Optix Merchant Group
EMV Chip Cards
EMV “smartcards” are a secure way of processing credit and debit cards based on microchip technology. Our solutions are equipped to help your business accept chip payments. EMV chips transmit data just as magnetic strips on cards transmit data. However, payment terminals don't read EMV chips the same way they read magnetic strips.
A card with an EMV chip typically must be inserted into the slot of a payment terminal, which then reads the chip's data and verifies the card as authentic. You then must wait for the purchase to be authorized. This process is known as "dipping."
By contrast, making a purchase by sliding a card with a magnetic strip through a card reader is called "swiping." The magnetic strip also transmits data that enables authorization of a purchase and verification of a card. A swiped transaction may be a bit quicker than a dipped transaction, but it's not quite as secure.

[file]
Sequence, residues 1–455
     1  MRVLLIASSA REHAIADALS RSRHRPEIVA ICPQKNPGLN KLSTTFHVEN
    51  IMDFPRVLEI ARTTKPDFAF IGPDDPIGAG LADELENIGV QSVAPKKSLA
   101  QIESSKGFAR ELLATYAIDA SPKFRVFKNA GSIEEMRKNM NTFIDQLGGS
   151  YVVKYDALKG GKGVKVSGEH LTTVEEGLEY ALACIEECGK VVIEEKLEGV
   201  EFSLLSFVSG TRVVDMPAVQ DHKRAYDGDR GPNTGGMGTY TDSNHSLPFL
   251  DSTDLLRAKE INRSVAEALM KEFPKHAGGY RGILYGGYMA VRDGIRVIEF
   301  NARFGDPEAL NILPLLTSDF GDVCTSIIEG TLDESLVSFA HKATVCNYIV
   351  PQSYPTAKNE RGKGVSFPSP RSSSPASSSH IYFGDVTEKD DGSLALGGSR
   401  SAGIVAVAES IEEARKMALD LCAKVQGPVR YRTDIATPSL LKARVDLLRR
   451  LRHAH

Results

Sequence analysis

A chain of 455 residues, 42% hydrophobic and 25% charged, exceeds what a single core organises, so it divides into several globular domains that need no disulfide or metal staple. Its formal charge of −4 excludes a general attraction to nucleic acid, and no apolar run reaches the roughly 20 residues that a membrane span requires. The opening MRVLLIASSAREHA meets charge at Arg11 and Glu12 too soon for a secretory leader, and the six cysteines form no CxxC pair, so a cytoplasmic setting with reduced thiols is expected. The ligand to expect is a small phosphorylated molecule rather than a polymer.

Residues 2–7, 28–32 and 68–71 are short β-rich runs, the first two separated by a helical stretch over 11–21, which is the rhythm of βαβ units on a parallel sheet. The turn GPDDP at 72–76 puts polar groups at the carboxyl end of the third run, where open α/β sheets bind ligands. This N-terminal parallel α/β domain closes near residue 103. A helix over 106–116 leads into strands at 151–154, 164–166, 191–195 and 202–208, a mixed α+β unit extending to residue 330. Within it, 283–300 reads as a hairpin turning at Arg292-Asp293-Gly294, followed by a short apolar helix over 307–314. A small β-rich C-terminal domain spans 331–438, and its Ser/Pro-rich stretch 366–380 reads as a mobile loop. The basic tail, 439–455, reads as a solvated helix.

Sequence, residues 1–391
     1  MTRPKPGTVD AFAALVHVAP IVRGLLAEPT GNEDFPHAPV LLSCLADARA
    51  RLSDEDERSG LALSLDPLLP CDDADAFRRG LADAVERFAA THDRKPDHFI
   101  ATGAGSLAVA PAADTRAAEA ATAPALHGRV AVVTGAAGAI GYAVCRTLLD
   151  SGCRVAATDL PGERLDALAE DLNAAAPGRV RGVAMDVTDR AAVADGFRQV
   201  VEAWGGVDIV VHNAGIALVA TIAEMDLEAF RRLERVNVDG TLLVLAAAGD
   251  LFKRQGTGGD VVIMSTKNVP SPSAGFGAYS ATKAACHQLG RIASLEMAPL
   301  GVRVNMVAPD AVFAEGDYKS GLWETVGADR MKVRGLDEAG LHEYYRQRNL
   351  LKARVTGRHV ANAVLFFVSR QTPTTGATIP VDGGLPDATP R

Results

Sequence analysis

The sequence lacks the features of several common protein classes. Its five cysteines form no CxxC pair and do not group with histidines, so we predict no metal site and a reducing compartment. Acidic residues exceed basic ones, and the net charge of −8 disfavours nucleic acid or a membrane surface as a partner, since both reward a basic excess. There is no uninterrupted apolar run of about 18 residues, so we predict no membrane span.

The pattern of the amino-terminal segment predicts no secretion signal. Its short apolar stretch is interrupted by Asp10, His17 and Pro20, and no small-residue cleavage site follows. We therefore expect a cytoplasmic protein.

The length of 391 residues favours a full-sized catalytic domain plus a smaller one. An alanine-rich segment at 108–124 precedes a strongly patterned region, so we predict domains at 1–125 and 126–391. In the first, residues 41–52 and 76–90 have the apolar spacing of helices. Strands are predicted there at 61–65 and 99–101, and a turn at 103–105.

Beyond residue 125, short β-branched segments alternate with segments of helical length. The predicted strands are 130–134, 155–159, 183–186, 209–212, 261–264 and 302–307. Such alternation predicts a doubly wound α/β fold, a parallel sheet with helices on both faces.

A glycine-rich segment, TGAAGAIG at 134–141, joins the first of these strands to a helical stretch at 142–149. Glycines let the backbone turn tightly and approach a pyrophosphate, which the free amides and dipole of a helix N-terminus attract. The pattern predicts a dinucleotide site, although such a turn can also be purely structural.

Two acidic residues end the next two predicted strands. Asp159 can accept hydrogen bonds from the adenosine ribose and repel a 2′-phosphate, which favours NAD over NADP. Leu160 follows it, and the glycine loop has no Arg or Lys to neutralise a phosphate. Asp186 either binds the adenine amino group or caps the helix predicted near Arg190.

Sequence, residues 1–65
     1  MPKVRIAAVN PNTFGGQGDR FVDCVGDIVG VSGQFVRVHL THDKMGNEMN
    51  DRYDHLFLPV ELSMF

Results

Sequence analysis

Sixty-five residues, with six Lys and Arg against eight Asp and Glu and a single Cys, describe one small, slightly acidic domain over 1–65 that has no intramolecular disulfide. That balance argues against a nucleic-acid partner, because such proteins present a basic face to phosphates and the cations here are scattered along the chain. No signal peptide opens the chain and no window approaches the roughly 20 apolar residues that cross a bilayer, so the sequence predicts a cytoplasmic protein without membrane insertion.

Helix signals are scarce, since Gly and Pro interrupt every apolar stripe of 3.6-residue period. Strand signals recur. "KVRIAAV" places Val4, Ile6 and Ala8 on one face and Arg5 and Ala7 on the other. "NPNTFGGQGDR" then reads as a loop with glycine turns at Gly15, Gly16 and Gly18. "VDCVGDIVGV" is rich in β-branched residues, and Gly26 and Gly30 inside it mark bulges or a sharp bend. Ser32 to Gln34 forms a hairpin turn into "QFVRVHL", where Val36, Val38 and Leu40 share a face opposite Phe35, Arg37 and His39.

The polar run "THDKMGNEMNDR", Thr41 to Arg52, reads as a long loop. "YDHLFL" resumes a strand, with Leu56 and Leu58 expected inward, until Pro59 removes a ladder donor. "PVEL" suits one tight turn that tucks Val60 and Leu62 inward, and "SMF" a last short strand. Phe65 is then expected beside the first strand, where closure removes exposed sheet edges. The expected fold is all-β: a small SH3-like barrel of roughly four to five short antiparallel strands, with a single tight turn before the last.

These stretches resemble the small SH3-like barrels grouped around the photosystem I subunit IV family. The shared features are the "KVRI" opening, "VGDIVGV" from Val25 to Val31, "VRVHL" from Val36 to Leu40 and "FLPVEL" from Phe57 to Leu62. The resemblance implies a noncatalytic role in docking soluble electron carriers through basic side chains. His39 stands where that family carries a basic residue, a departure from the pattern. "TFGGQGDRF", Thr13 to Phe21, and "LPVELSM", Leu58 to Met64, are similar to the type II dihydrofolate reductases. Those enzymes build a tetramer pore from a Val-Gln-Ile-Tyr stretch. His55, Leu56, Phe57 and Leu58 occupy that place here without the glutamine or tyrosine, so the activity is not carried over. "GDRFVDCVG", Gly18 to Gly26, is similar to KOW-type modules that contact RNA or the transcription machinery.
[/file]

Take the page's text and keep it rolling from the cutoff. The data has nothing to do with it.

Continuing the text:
One key difference between an EMV card and a magnetic strip card is that the EMV card produces a unique code for each transaction but the magnetic strip does not. As such, it's harder for fraudsters to steal data to produce counterfeit cards. That's why merchants and card issuers prefer EMV transactions, even though they are more complicated than magnetic strip transactions.
Most cards in the U.S. depend on chip-and-signature capabilities. In this type of transaction, a cardholder must provide a signature to complete a transaction. Outside the U.S., chip-and-PIN transactions are more common. In these transactions, a cardholder enters a four-digit PIN to validate a payment. Chip-and-PIN transactions are considered more secure than chip-and-signature transactions.
Another way to use an EMV card is as a contactless payment method. If the card has this capability, you can tap it on a payment terminal or wave it near the terminal to complete the transaction. A contactless transaction doesn't require a PIN.